A supporter of Israeli soldier Elor Azaria, who is charged with manslaughter by the Israeli military, wears a shirt depicting Azaria with the words in Hebrew "Bringing the light back to Elor" during a protest outside the military court in Tel Aviv on the verdict day for the soldier, Tel Aviv, Israel.
(photo credit: REUTERS)
One day after the IDF prosecution appealed to the Military Appeals Court to stiffen the manslaughter sentence of soldier Elor Azaria from 18 months in prison to between 36 and 60 months, his defense team produced an email that allegedly supports its claim that the IDF’s chief lawyer threatened such a move if Azaria appealed his conviction.
The revelation came from an email on Monday, February 27, from former Azaria lawyer Eyal Besserglick, who resigned in protest at Azaria’s decision to appeal his conviction, addressed to Azaria’s remaining lawyer, Yoram Sheftel.
In the email, Besserglick recounts that, the night before, he had met with Military Advocate-General Brig.- Gen. Sharon Afek, and that Afek had told him that if Azaria did not appeal his conviction, Afek would not seek to stiffen his sentence and would even be open to more speedily expunging his criminal record.
Following the discussion, Besserglick and Azaria’s other former lawyer, Ilan Katz, quit the case, while Sheftel filed the appeal anyway to the Military Appeals Court, asking it to reject the prosecution’s appeal on the basis that the email proved that the IDF prosecution’s appeal had improper motivations.
Azaria was sentenced in February for shooting Palestinian terrorist Abdel Fatah al-Sharif in the head on March 24, 2015, as he lay wounded on the ground, around 10 minutes after Sharif had been shot attacking two Israeli soldiers.
In its appeal, the IDF prosecution declared that the 18-month jail sentence from the lower IDF trial court “was not commensurate with Azaria’s actions... and the grave circumstances of the incident, substantially departed from accepted punishment standards in being overly lenient... and did not send the IDF’s soldiers and the wider society the proper ethical message.”
From the outset, the IDF prosecution noted that even the lower trial court had been divided, with two judges voting for the lighter sentence and one judge voting for a 30-to-60-month sentence.
It cited the dissenting trial court judge who voted for a longer term, who wrote that the punishment given did not show sufficient respect for the sacredness of human life, “and that is even in regard to this [terrorist] who was a criminal and who did not engender too much sympathy.”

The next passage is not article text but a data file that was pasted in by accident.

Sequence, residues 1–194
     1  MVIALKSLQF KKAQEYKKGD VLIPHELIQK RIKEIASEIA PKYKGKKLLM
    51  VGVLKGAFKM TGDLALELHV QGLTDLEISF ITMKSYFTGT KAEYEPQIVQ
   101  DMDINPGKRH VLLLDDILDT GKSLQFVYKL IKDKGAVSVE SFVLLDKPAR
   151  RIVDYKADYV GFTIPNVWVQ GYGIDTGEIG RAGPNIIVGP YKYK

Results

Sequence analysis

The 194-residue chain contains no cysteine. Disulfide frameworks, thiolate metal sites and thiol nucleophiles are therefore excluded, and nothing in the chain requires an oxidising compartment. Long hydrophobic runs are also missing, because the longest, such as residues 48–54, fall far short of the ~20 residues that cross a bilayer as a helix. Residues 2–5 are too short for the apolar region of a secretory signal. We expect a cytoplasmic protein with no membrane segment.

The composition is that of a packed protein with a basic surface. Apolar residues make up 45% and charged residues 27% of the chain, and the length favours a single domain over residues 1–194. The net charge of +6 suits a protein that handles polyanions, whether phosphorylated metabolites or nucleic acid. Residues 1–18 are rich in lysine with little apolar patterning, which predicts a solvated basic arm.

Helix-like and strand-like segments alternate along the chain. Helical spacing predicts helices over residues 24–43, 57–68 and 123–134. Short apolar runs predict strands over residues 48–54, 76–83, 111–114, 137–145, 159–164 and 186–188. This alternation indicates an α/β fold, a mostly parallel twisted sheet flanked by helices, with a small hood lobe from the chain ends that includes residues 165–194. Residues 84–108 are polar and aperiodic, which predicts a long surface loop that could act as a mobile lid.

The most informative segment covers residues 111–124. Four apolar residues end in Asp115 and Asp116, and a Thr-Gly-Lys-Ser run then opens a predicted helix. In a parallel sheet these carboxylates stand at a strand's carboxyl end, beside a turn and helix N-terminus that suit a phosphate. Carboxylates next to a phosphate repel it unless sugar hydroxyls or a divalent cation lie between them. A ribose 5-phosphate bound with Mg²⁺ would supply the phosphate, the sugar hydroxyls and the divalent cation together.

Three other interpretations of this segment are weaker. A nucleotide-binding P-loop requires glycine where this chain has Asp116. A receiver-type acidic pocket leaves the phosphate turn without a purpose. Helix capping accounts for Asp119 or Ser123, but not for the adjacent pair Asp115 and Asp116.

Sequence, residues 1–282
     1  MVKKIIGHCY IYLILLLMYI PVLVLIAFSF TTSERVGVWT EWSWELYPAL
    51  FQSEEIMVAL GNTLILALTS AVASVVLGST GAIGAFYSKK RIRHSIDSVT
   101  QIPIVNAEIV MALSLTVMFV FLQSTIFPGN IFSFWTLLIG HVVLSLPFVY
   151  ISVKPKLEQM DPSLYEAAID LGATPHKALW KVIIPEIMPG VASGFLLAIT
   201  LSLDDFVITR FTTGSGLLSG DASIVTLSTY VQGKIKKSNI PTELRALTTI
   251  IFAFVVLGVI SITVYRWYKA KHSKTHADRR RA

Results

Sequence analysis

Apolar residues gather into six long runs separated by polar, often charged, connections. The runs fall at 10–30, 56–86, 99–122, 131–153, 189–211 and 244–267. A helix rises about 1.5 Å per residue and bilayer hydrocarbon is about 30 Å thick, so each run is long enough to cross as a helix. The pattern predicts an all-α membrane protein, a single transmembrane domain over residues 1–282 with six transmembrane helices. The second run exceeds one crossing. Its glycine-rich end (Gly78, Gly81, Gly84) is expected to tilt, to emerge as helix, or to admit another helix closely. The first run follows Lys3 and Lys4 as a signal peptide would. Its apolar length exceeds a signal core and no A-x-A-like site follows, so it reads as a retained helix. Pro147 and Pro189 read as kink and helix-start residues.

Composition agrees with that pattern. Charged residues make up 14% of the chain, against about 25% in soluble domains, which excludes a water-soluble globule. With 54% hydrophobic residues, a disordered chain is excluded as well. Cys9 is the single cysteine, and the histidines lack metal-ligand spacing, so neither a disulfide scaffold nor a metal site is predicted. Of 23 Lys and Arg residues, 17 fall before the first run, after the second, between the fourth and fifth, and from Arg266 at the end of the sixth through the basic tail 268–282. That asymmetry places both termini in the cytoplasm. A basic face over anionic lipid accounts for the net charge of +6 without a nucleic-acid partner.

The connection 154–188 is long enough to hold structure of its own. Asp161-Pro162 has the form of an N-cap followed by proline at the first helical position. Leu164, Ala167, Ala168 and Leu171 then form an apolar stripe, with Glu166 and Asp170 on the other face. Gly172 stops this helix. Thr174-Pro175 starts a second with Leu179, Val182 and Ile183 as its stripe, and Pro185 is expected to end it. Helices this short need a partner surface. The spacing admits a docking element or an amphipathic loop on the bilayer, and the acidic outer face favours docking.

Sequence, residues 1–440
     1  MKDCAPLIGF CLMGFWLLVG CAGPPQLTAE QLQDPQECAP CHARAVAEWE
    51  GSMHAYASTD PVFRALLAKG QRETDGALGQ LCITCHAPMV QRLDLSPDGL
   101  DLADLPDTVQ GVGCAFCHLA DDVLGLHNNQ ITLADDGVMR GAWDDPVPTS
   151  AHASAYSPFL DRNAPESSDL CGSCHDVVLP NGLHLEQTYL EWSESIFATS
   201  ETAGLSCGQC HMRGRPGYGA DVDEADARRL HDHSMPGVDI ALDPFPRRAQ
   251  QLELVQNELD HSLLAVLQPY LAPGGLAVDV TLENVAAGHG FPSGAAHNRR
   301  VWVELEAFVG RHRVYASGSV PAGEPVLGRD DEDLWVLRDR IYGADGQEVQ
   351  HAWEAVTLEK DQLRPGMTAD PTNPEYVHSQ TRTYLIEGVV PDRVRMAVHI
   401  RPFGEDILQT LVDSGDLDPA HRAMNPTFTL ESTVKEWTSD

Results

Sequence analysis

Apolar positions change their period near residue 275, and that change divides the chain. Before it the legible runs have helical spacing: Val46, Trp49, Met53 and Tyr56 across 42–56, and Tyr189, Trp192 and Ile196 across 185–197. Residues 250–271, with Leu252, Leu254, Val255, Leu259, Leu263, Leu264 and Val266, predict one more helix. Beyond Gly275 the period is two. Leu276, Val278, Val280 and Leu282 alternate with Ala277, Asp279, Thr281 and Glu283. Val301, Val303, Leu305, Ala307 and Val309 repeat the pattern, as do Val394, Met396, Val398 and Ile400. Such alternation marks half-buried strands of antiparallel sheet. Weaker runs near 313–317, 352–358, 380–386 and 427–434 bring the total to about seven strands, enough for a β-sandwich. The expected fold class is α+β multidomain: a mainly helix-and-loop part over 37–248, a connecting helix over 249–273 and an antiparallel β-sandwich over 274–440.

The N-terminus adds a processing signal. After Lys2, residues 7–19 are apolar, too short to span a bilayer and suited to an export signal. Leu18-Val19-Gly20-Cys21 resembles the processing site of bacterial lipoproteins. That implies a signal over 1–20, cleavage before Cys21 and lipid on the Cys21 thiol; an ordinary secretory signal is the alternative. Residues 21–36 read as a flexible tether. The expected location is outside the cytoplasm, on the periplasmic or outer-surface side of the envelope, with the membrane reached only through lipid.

Furthermore, the prosecution’s appeal argues that Azaria cannot seek too much leniency, considering that the lower court ruled that he had lied in his testimony.
In fact, the IDF prosecution said that the leniency that the majority of the lower court showed to Azaria was completely contradictory to its harsh, one-sided findings against Azaria in its convicting him.
Also, it said that its request for a longer sentence had already granted Azaria leniency in consideration of the special operational circumstances in which his killing of Sharif took place – without which it would have requested an even longer prison sentence.
At a press conference last week after the defense filed its appeal, Azaria’s father, Charlie, said that the IDF was “trying to scare us, but we will not give up.”
He was referring to the meeting last Sunday between Azaria’s former defense lawyer and Afek. The elder Azaria and Elor’s only remaining lawyer, Yoram Sheftel, already claimed at the time that Afek tried to intimidate the family and prevent the filing of an appeal, threatening that the IDF itself would file a counter-appeal seeking a stiffer sentence if the family appealed.
The IDF at the time rejected this interpretation of the meeting, while refusing to discuss what actually transpired, even though in the end it did appeal’s lenient sentence.
Katz and Besserglick also rejected Charlie Azaria and Sheftel’s claims. They said that they had opposed an appeal based on a realistic, professional legal assessment, weighing the potential costs and benefits.
It is not unusual for the state or IDF prosecution to file a counter-appeal if a defendant appeals, and negotiations over such scenarios are commonplace, with prosecutors justifying them on the grounds that they believe they would win on appeal, and may decline to appeal only out of mercy and to save additional litigation time and energy.
Azaria’s appeal seemed focused on overturning the lower IDF trial court’s decision that Azaria had essentially incriminated himself by confessing to two different IDF personnel that he had killed Palestinian terrorist Sharif out of revenge for Sharif stabbing his friend 10 minutes earlier.
Azaria’s case has split the country, with most politicians calling for him to be pardoned, but he cannot seek a pardon until he exhausts his rights to appeal, starting with the IDF Appeals Court and possibly going up to the Supreme Court.